How Not To Be A Peddler

This week’s sermon is not primarily about the importance of preaching, but there are portions of it (I Corinthians 9) that keep drawing my thoughts to the subject. Take, as an example Paul’s words in 9:15-18, as he refers to the renunciation of his right of pastoral compensation, “15 But I have made no use of any of these rights, nor am I writing these things to secure any such provision. For I would rather die than have anyone deprive me of my ground for boasting. 16 For if I preach the gospel, that gives me no ground for boasting. For necessity is laid upon me. Woe to me if I do not preach the gospel! 17 For if I do this of my own will, I have a reward, but if not of my own will, I am still entrusted with a stewardship. 18 What then is my reward? That in my preaching I may present the gospel free of charge, so as not to make full use of my right in the gospel.”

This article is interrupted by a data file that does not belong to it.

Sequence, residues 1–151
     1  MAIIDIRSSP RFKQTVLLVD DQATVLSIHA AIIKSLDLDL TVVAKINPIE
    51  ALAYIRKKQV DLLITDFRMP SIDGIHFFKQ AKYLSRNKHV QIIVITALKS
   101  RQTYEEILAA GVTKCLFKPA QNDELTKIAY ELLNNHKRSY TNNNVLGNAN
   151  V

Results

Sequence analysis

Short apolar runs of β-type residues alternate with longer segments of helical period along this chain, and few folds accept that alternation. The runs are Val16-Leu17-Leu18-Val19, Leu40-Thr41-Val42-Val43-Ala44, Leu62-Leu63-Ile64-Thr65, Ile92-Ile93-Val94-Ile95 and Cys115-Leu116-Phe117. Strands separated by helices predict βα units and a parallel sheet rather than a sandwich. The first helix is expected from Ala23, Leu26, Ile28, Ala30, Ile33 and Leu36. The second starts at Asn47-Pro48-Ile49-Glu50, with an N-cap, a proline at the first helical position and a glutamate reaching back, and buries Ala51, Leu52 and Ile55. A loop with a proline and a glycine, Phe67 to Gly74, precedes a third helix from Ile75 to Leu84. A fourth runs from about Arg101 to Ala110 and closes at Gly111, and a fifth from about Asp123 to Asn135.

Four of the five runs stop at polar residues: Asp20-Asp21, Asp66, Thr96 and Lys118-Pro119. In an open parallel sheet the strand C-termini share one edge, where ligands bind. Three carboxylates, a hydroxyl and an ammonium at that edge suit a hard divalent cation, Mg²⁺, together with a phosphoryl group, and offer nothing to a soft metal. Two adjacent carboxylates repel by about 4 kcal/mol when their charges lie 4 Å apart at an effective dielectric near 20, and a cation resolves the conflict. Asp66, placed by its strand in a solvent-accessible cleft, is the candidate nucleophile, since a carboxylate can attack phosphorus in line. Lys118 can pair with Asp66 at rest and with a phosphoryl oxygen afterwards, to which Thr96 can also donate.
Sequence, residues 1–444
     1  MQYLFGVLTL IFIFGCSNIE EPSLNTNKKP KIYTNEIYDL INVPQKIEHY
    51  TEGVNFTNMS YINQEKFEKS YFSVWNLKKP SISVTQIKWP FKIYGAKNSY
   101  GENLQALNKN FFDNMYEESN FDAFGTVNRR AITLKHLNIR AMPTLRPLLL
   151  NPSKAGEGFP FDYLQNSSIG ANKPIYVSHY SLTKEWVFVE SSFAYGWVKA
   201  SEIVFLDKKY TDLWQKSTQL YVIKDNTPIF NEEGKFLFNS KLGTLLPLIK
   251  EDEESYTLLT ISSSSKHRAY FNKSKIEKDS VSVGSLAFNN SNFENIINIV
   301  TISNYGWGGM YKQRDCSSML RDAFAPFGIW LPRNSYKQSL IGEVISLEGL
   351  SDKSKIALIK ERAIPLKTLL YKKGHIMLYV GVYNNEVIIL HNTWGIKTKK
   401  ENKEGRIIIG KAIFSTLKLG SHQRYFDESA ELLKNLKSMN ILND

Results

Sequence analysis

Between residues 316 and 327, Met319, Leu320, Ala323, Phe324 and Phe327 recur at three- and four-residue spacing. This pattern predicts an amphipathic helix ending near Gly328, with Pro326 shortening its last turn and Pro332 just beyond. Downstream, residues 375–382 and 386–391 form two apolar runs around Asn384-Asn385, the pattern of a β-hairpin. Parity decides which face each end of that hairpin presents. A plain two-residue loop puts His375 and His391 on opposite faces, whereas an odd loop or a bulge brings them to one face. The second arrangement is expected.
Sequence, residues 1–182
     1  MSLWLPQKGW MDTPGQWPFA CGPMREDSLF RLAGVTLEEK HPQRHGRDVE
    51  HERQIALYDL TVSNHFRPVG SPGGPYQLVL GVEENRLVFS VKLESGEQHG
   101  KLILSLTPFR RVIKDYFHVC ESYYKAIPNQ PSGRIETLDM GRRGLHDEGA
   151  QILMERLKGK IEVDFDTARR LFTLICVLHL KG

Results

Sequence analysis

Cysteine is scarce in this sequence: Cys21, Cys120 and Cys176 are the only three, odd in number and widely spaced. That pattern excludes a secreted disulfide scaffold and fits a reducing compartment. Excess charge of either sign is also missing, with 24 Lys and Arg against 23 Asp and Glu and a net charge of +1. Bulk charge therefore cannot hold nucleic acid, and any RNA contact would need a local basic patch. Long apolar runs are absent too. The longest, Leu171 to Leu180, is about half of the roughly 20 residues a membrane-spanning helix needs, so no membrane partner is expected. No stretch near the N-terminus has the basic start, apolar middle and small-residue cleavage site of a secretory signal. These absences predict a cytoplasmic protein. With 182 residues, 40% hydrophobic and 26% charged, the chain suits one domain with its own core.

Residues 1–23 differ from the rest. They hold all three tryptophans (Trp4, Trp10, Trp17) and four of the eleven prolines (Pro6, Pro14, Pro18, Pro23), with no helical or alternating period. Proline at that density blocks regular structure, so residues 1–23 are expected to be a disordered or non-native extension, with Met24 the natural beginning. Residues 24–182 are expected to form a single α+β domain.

Paul was so impressed by the gospel that it was worth giving up everything in order to proclaim it. I think about how lightly some pastors take preaching and wonder what Paul would say to them. What would Paul say to preachers who use their time at the pulpit to construct pseudo-biblical pep talks and motivational lectures that mention one or two verses from the Bible (maybe) and then spend the rest of the time on current philosophical thought or “felt needs”? I wonder these things and remember Paul actually does have an opinion of such men, “15 For we are the aroma of Christ to God among those who are being saved and among those who are perishing, 16 to one a fragrance from death to death, to the other a fragrance from life to life. Who is sufficient for these things? 17 For we are not, like so many, peddlers of God’s word, but as men of sincerity, as commissioned by God, in the sight of God we speak in Christ” (2 Corinthians 2:15-17).

Here’s a healthy reminder from Matt Chandler…


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